Let us check Pakistani history. Other than the successful coups, there have been a few allegations of coup plans. The first one I know of was the Rawalpindi conspiracy case in 1950 (?). It involved Faiz Ahmed Faiz, a very good poet, and some others including a retired Major General. It was said to be communist-inspired. Another one was a plan in the 1970s by some junior military officers to overthrow Zulfiqar Ali Bhutto. They were caught and jailed but later pardoned by General Zia, the army chief, who overthrew Bhutto some time later. Finally, there were the arrests and trials of some Islamist officers, including a Major General and a Brigadier, during Benazir Bhutto’s rule. One thing is common in all these cases: They were more like talk than actual plans or attempts. I am pretty sure that no coup attempts by junior army officers, whether they are Islamist or secular, are likely to happen any time soon.

Going back to the Talking Dog:

My point is simply that, as a dictator, he most assuredly has NOT left an orderly succession plan in place if he is knocked off. As such, what would happen had been killed is entirely unpredictable, with a number of potentially unthinkable outcomes. Sure— the likely result is that some senior military guy would take over. But that’s just it: its up in the air.

But, but if you knew Pakistani history, you wouldn’t say such a thing. See there was this guy, General Zia-ul-Haq, ruling Pakistan when I was growing up. He overthrew Prime Minister Zulfiqar Ali Bhutto in July 1977 and had him hanged after a murder trial. In 1985, after party-less elections, he brought in a parliament and a hand-picked Prime Minister Muhammad Khan Junejo. Then in May 1988, Zia sent Junejo and the national and provincial assemblies packing under a provision of the constitution that he had amended. The Senate, being a permanent body, still existed. Then fate intervened and Zia died in a plane crash on Aug 17, 1988 along with Gen Akhtar Abdur Rahman (the ex-head of ISI) and a host of other senior officers and the US ambassador and military attachee. There were two options: Either the military could take over under Vice Army Chief Gen Aslam Beg or under the constitutional rules of succession the senate chairman would become acting President. Gen Beg decided not to take over and Ghulam Ishaq Khan became President. Khan, Beg and the ISI did do a lot of intrigue etc. but elections were held a couple of months later and democracy, though corrupt and somewhat clipped, came back to Pakistan after 11 years.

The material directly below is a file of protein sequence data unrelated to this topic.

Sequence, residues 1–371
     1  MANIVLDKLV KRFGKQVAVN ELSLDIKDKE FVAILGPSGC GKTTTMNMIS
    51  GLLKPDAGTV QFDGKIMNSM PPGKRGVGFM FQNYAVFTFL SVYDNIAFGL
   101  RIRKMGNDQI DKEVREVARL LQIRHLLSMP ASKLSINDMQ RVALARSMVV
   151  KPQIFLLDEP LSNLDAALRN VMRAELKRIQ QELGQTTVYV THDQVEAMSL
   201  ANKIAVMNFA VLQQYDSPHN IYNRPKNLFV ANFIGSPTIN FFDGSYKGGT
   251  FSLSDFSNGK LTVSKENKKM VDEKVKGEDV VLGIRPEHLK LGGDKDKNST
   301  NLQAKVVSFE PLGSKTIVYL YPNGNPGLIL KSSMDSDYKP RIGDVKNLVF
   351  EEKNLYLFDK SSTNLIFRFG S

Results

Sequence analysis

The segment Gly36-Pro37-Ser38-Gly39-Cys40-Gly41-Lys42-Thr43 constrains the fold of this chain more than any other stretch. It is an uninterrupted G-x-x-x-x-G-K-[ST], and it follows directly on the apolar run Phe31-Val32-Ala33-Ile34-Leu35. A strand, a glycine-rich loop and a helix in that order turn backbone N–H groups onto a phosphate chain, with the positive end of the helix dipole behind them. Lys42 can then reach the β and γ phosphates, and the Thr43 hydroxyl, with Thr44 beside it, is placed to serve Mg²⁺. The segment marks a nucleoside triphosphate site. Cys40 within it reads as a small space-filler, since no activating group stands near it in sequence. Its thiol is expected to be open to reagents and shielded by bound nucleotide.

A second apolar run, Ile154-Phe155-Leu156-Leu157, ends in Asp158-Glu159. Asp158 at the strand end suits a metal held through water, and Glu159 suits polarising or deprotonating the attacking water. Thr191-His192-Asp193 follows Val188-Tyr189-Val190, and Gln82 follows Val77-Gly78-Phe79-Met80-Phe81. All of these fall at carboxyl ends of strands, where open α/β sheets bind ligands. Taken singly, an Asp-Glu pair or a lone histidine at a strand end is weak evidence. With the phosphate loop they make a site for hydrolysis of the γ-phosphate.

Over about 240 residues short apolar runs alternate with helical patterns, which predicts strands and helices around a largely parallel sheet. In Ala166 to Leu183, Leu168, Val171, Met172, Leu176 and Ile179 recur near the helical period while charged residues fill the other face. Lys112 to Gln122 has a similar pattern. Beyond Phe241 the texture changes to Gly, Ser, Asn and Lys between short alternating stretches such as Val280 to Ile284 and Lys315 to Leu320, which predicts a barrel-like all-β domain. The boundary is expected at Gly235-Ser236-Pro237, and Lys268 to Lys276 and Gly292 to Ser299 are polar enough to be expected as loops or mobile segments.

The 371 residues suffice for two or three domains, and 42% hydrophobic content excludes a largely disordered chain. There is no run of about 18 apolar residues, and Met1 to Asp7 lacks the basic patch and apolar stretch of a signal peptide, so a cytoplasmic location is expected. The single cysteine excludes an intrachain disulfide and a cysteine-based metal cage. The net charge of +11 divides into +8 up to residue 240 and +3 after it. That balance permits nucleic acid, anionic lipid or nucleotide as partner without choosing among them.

BTW, do you know that no government in Pakistan after Zia has completed its term? Every single one was dispatched by the President or the army chief (in 1999). This was done under Article 58-2(b), a stupid idea introduced by General Zia.

Here are Ikram Saeed’s comments in this Matt Yglesias post which are pertinent to this post.

I am seriously puzzled by puzzlement here. Pakistan has regularly been a democracy, and has many democratic (and secular) parties. It also has a strong civil society movement (Shehri — an urban renewal society, the Edhi foundation, the various Human Rights Committies of Hena Jilani and friends, many more).

The solution is quite simple — push for democracy and an end to the military domination of the state. Unlike most Islamic countries, Pakistan has an electoral record of rejecting religious parties (the JI, JUI, and JUP win few seats in the most important provinces of Punjab and Sindh). In fact, Islamist parties usually make the most gains in times of military dictatorship.

As for the trope that Pakistani’s have been indoctrinated to hate the US — I think you need only look at the mass of Pakistanis illegally immigrating to the US. Pakistan is as anti-American as Noam Chomsky (whose post-911 lecture in Islamabad was oversubscribed).